Code Section Group

Public Resources Code - PRC

DIVISION 5. PARKS AND MONUMENTS [5001 - 5873]

  ( Division 5 added by Stats. 1939, Ch. 94. )

CHAPTER 1.692. Safe Neighborhood Parks, Clean Water, Clean Air, and Coastal Protection Bond Act of 2000 (The Villaraigosa-Keeley Act) [5096.300 - 5096.372]

  ( Chapter 1.692 added by Stats. 1999, Ch. 461, Sec. 1. )

ARTICLE 1. General Provisions [5096.300 - 5096.309]
  ( Article 1 added by Stats. 1999, Ch. 461, Sec. 1. )

5096.300.
  

This chapter shall be known, and may be cited, as the Safe Neighborhood Parks, Clean Water, Clean Air, and Coastal Protection Bond Act of 2000 (the Villaraigosa-Keeley Act).

(Added by Stats. 1999, Ch. 461, Sec. 1. Approved in Proposition 12 at the March 7, 2000, election.)

5096.301.
  

Responding to the recreational and open-space needs of a growing population and expanding urban communities, this act will revive state stewardship of natural resources by investing in neighborhood parks and state parks, clean water protection, and coastal beaches and scenic areas.

(Added by Stats. 1999, Ch. 461, Sec. 1. Approved in Proposition 12 at the March 7, 2000, election.)

5096.302.
  

The Legislature finds and declares all of the following:

(a) Historically, California’s local and neighborhood parks often serve as the recreational, social, and cultural centers for cities and communities, providing venues for youth enrichment, senior activities, and family recreation.

(b) Neighborhood and state parks provide safe places to play in the urban neighborhoods, splendid scenic landscapes, exceptional experiences, and world-recognized recreational opportunities, and in so doing, are vital to California’s quality of life and economy.

(c) For over a decade, the state’s commitment to parks and natural resources has dwindled. California has not kept pace with the needed funding to adequately manage and maintain its multibillion dollar investment in neighborhood, urban, and state parks and natural areas resulting in disrepair and overcrowding of many park facilities and the degradation of wild lands.

(d) The magnificent Pacific Coast, outstanding mountain ranges, and unique scenic regions are the source of tremendous economic opportunity and contribute enormously to the quality of life of Californians.

(e) Continued economic success and enjoyment derived from California’s natural resources depends on maintaining clean water, healthy ecosystems, and expanding public access for a growing state.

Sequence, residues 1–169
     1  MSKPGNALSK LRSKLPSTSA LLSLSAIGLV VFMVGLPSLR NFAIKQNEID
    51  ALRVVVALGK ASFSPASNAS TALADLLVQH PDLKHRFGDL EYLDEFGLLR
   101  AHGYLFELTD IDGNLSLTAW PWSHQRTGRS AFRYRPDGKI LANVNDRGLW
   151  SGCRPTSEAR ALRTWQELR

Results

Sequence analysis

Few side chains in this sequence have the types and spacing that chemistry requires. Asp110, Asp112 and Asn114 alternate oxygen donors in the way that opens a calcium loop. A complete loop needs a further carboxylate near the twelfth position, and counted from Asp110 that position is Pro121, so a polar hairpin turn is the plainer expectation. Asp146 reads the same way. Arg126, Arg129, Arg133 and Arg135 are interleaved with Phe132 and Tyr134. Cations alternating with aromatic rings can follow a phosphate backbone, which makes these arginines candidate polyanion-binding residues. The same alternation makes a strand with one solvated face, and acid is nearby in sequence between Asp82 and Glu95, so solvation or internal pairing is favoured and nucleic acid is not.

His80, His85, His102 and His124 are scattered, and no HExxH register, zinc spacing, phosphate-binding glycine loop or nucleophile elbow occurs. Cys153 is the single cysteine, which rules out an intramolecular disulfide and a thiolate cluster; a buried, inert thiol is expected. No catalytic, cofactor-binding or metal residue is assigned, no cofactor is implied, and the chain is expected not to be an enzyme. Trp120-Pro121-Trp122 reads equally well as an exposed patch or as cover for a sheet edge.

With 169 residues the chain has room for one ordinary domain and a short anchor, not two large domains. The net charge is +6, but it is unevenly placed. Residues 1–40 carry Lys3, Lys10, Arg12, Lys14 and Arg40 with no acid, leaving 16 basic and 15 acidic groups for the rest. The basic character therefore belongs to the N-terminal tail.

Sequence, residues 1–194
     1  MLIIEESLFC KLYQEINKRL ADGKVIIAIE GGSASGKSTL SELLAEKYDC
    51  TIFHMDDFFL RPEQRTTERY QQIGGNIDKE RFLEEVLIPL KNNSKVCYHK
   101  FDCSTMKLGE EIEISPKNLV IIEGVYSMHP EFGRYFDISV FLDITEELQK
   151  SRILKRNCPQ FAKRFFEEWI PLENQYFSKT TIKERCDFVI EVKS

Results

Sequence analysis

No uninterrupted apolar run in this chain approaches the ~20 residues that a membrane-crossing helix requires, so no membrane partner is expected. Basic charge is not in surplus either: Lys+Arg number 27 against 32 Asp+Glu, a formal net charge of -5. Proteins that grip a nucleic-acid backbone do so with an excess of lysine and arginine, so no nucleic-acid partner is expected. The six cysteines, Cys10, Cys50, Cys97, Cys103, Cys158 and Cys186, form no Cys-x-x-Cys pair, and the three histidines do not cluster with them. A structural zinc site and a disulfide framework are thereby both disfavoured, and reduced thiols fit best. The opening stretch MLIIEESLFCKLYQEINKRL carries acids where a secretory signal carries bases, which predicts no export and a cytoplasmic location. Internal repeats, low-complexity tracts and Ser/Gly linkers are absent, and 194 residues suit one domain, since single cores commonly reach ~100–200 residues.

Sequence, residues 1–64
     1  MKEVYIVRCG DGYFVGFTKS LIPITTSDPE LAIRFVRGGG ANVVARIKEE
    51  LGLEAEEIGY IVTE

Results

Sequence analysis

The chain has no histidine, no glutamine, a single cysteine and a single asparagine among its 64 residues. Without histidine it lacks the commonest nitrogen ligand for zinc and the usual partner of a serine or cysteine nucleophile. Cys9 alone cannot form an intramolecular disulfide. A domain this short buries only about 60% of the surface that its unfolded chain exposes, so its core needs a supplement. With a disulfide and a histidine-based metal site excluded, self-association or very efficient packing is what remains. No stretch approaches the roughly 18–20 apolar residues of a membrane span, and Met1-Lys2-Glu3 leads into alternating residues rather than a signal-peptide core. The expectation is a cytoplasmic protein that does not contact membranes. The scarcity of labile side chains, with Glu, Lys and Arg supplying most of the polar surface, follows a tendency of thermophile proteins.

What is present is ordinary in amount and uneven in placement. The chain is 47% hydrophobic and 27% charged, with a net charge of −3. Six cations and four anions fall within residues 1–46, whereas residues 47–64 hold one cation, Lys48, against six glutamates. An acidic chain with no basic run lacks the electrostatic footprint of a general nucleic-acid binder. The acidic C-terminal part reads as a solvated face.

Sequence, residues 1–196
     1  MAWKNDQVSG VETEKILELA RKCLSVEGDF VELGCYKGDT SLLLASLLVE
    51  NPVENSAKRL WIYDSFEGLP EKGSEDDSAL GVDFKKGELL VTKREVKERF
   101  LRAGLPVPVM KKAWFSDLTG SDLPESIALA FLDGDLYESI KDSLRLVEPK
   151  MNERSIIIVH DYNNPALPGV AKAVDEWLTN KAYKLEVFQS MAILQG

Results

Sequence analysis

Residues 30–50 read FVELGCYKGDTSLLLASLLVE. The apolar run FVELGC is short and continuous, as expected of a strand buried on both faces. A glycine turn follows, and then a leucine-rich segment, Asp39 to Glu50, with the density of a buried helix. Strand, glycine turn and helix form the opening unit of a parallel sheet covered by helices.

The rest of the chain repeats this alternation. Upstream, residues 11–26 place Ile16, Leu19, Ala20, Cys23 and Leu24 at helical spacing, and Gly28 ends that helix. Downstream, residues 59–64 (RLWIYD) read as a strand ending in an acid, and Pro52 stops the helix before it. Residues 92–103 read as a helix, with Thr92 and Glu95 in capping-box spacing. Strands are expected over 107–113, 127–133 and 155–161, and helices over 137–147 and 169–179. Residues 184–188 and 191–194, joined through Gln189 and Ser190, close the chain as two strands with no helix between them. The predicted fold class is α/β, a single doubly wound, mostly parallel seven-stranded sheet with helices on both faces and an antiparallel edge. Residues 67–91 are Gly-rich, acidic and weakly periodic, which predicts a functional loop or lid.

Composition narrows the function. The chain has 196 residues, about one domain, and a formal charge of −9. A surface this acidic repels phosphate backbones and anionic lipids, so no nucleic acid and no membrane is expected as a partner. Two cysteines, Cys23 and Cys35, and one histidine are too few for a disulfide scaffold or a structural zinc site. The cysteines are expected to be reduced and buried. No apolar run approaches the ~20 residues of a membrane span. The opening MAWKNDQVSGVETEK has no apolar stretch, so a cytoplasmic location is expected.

(f) The backlog of needs for repair and maintenance of local and urban parks exceeds two billion five hundred million dollars and the need for maintenance of state parks exceeds one billion dollars. The state’s conservancies and wildlife agencies report a need for habitat acquisition and restoration exceeding $1.8 billion.

(g) This act will begin to address these critical neighborhood park and natural resources needs.

(Added by Stats. 1999, Ch. 461, Sec. 1. Approved in Proposition 12 at the March 7, 2000, election.)

5096.303.
  

The Legislature further finds and declares all of the following:

(a) Air pollution continues to be a major problem in California which harms the health of our residents, costs our economy billions of dollars related to health care costs, reduced agricultural productivity, and damage to our infrastructure, and otherwise decreases the quality of life in our state.

(b) Forests and trees improve air quality by removing carbon dioxide, particulates, and other pollutants from the air, and by producing oxygen.

(c) Park, open-space, and tree planting projects also improve air quality and decrease congestion by reducing sprawl, improving the quality of life in areas that are already developed by helping local agencies implement sound land use plans that promote energy efficiency, and by providing incentives to reduce development in inappropriate areas.

(Added by Stats. 1999, Ch. 461, Sec. 1. Approved in Proposition 12 at the March 7, 2000, election.)

5096.306.
  

It is the intent of the Legislature to strongly encourage every state or local government agency receiving the bond funds allocated pursuant to this chapter for an activity to give full and proper consideration to the use of recycled and reusable products whenever possible with regard to carrying out that activity.

(Added by Stats. 1999, Ch. 461, Sec. 1. Approved in Proposition 12 at the March 7, 2000, election.)

5096.307.
  

(a) Every proposed activity to be funded pursuant to this chapter shall be in compliance with the California Environmental Quality Act (Division 13 (commencing with Section 21000)).

(b) Lands acquired with funds allocated pursuant to this chapter shall be acquired from a willing seller of the land.

(Added by Stats. 1999, Ch. 461, Sec. 1. Approved in Proposition 12 at the March 7, 2000, election.)